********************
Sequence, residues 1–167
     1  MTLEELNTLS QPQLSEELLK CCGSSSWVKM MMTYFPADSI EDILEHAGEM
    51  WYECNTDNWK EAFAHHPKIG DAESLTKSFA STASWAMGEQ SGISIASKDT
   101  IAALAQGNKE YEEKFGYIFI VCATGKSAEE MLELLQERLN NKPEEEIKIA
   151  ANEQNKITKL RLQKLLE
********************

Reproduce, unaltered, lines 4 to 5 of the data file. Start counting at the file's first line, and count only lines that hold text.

   101  IAALAQGNKE YEEKFGYIFI VCATGKSAEE MLELLQERLN NKPEEEIKIA
   151  ANEQNKITKL RLQKLLE